Many members of the MNC Junior Team continue to pursue skiing at the college level upon graduating from high school. There’s lots of questions surrounding the college skiing process, which actually begins well before an athlete has finished high school. This page is intended to provide some basic FAQ material on collegiate skiing, and resources to contact coaches!
What schools have ski teams?
In many areas of the US with snow, you’ll also find schools with ski teams. Geographically, broad regions include the East, the Midwest, the Intermountain West, and Alaska. Within these regions you will find designations at the “D1” level of the following:
EISA Eastern Intercollegiate Skiing Association (for the East)
RMISA Rocky Mountain Intercollegiate Skiing Association (for the West)
CCSA Central Collegiate Skiing Association (for the Midwest)
Additionally, at the “D3” level you have a single parent organization:
USCSA US Collegiate Skiing Association is the nation-wide organizational umbrella for a number of competitive collegiate programs.
How do I know where I should apply?
When you look at colleges, you will likely be taking more than simply skiing into account. Good research, campus visits, and help from your guidance counselor are great ways to find information on schools that fit your interests, academic goals, and more. When you take skiing into account, it of course narrows the playing field!
How do I know if I’m “good enough” to ski in college?
The answer to this question has many variables! In New England, we are fortunate to have large race events and competitions where Junior skiers regularly compete in the same races and events as EISA skiers. Events like Eastern Cups and combined Eastern Cup/EISA Carnival races are very big opportunities for Junior skiers to see where they stack up against collegiate competitors.
Additionally, the US Ski and Snowboard points system is a key way for coaches and athletes to have a reasonably objective viewpoint for race performances. If you are interested in skiing for a school outside of the EISA, it is extremely important to have a points ranking in the US Ski and Snowboard database.
Other factors that are significant to college teams and coaches when looking at Junior athletes include Junior Nationals qualification and performances, as well as performances at other large national races like US National Championships (Jan) and US Supertour Finals (March). Competition and strong results at the Eastern HS Championships (March) are also a good benchmark for some schools and particularly the USCSA league.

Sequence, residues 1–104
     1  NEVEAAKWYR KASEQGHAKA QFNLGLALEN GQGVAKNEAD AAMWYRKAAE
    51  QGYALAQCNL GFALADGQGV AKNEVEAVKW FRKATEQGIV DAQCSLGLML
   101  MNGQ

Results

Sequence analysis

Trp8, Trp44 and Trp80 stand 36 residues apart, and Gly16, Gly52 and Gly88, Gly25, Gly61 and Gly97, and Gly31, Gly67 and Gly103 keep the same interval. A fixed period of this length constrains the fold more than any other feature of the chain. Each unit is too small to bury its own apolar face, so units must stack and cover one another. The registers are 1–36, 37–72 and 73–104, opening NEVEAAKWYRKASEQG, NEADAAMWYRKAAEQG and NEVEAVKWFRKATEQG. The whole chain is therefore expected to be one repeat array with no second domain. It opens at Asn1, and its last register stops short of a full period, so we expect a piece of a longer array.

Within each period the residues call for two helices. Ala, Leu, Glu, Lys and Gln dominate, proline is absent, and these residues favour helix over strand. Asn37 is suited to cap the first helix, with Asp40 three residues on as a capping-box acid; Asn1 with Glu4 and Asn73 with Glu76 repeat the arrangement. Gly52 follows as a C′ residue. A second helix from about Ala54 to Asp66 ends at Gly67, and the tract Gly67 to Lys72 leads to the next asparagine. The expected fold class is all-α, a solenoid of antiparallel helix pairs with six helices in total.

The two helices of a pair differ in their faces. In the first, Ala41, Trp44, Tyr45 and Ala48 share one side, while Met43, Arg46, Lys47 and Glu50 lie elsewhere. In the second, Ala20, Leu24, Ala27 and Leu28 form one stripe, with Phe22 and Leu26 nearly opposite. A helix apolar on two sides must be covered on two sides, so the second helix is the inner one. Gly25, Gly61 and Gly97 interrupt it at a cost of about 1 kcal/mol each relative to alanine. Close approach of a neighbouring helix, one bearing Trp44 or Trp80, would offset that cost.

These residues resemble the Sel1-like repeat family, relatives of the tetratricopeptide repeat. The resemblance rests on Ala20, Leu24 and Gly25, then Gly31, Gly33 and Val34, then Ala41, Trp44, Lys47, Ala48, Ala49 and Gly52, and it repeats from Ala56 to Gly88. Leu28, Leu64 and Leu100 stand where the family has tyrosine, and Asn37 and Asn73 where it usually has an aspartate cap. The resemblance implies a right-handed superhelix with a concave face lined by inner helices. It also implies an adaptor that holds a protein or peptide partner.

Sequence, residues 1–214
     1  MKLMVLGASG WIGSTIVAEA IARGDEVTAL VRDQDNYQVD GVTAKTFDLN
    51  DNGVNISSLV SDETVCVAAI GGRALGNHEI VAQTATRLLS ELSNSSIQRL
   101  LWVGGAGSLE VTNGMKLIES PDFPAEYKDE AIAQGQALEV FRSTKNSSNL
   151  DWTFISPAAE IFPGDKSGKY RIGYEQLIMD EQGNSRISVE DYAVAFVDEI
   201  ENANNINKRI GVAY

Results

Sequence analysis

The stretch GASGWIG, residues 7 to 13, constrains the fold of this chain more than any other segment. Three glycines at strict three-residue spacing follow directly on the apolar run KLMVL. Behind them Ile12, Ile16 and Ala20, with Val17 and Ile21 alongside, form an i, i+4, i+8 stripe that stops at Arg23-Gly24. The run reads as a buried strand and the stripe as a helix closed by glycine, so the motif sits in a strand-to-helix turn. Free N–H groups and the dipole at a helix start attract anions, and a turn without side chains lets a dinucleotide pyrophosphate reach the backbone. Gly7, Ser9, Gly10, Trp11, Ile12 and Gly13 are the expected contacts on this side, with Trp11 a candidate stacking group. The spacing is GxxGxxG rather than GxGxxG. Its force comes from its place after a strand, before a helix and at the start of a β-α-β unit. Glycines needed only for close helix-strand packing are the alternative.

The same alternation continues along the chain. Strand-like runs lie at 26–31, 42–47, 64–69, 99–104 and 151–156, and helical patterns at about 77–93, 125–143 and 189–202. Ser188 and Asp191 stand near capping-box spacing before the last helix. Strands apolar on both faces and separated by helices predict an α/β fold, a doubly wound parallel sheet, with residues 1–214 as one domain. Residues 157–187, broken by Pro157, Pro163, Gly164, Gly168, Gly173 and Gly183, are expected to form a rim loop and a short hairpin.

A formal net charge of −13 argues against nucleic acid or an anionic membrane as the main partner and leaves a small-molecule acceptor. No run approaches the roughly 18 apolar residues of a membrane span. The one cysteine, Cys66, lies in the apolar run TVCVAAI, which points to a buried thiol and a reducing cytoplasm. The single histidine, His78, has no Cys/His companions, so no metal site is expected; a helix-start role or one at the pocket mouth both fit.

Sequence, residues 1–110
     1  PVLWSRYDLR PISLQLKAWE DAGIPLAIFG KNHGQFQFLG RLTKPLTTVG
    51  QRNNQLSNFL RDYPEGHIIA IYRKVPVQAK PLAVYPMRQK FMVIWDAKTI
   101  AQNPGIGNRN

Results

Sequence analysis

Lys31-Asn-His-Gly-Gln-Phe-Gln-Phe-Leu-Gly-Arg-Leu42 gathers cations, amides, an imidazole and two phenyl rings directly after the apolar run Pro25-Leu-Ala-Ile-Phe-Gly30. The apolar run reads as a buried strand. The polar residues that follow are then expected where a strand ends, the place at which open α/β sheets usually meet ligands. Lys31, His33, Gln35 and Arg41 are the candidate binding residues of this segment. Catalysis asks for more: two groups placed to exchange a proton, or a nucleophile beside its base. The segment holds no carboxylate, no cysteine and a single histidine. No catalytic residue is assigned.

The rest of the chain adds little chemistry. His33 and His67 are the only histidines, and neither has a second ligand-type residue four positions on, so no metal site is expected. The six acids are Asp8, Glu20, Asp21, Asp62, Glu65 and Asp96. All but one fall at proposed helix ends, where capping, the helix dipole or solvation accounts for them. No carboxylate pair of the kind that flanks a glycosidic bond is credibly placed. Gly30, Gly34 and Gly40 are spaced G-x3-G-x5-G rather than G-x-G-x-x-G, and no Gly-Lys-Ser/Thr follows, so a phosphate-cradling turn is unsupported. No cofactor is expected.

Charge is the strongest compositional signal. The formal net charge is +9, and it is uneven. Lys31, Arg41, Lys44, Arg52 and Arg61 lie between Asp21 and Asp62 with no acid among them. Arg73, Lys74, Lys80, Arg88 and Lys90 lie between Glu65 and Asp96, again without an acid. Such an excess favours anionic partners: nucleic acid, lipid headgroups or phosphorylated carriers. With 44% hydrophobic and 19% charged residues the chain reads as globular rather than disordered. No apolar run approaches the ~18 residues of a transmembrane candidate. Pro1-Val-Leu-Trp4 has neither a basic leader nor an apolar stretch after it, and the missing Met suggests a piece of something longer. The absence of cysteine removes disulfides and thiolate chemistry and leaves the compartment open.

When do I contact a coach if I am interested in their program?
The ideal time to contact college coaches, if you are interested in a program, is the fall of your Junior year in High School. This gives college coaches a chance to keep up with your results during your Junior year of racing and the start of your Senior year. It also gives you a longer window to communicate with as many coaches and schools as you may be interested in before any application deadlines. Spring of your Junior year is a great time to schedule campus visits, overnight stays with ski team members, and in-person coach meetings.
What’s the best way to contact a coach?
Sending an email (from you, the skier, not a parent) is a great way to contact a coach. It gives you a chance to communicate a little bit about yourself and share some info before an in-person meeting. It also gives the coach your name in a place where they can’t forget it…their inbox! Additionally, many college teams have “recruiting forms” on their websites. These forms are a chance to share info like race results, goals, and more, and often the forms are sent directly to the coach. For your first introduction to a college coach, a great idea is to submit a recruiting form (if applicable) and also follow-up with a separate email immediately.
It is also great to be able to connect with a coach in person. If you schedule a campus visit at a college, it is highly recommended that you also send the ski coach an email to see if you might set up even a brief introductory meeting. Be ready to talk a little bit about your training, racing, goals, and interests.
At races around the region, college coaches will be on-hand with athletes on their team. While you can make an introduction on-the-spot without prior communication, if you’ve previously sent some emails with a coach this is an even better opportunity to head over to a team tent or wax trailer to say a quick hello. It’s best to do this right after the conclusion of the day’s last race, when there is no stress of waxing or racing for either party to worry about. College coaches are all extremely friendly, and you should never underestimate the power of being assertive and making a great impression in-person!
Where can I find some coach contact info?
Team websites are a great start, but you can also refer to this chart below for reference! Tabs are included for 4 major designations/regions (EISA, RMISA, CCSA, USCSA).
Don’t hesitate to contact Coach Adam or Coach Sara directly! We are more than happy to help with the process, to introduce you to coaches, and to share information about our own time skiing in college.